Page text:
The Historical Roots of Well-Being and Social Cohesion

By Eric M. Uslaner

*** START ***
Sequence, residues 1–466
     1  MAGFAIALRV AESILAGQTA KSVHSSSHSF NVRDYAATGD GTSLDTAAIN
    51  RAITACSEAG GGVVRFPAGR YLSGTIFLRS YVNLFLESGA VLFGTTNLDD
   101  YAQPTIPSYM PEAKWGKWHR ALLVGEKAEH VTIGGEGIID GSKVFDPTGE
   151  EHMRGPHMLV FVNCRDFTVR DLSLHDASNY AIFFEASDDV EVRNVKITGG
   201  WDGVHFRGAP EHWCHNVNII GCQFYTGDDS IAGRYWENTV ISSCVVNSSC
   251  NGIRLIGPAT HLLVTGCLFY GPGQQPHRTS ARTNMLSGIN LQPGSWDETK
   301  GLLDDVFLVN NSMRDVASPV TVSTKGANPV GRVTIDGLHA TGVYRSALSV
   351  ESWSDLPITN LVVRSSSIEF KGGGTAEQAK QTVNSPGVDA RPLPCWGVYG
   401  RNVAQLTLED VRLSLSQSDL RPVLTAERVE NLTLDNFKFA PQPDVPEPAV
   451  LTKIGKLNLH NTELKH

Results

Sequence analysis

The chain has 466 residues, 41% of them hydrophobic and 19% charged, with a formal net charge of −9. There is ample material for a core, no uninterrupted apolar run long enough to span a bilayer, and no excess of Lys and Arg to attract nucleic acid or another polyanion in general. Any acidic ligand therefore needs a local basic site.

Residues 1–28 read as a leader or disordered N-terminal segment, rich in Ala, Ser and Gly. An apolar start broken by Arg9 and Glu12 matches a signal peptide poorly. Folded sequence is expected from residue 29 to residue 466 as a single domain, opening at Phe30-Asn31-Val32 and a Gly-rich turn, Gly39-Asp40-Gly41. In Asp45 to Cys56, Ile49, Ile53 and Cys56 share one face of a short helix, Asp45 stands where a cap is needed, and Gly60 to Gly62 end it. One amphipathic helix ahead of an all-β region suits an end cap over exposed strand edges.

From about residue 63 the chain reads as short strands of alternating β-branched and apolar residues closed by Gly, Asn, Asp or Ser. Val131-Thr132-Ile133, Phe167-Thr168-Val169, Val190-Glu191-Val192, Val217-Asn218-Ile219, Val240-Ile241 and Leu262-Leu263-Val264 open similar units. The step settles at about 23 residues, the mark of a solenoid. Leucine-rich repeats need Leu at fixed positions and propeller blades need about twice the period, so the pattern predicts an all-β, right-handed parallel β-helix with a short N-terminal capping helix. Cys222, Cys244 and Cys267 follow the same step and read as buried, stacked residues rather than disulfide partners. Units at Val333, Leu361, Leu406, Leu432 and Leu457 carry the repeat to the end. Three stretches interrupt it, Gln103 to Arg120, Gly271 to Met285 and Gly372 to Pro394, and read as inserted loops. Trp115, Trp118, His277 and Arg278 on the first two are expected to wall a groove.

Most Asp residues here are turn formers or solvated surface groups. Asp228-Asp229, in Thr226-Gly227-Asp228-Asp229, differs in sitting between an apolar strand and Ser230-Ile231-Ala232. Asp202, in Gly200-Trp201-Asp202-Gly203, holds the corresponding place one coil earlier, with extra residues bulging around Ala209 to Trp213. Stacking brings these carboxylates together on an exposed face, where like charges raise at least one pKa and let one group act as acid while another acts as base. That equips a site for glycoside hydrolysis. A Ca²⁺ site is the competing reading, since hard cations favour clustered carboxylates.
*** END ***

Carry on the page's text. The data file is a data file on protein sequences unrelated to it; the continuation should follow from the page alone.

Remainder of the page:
A country’s levels of well-being and social cohesion are largely stable over long periods of time. Two key determinants of well-being—equality and education—follow this ‘path dependence’. This paper reviews these relationships and then move to a discussion of how early levels of education influence contemporary well-being. It finds that education matters for social cohesion, and that historical levels of education are mostly more important than contemporary enrolments. The evidence largely comes from the West because of data availability, but there is support for this claim in other regions. There is also evidence that countries can catch up, as the case of many East Asian nations shows. Yet change is not easy given the ‘stickiness’ of inequality and the high correlation between mean school years in 1870 and 2010. It is difficult to organize poor (and uneducated) citizens, and to ensure a country’s leaders will provide resources for the poor. Many countries do not have sufficient economic or other resources or the political support to enact policies to change the distribution of human capital.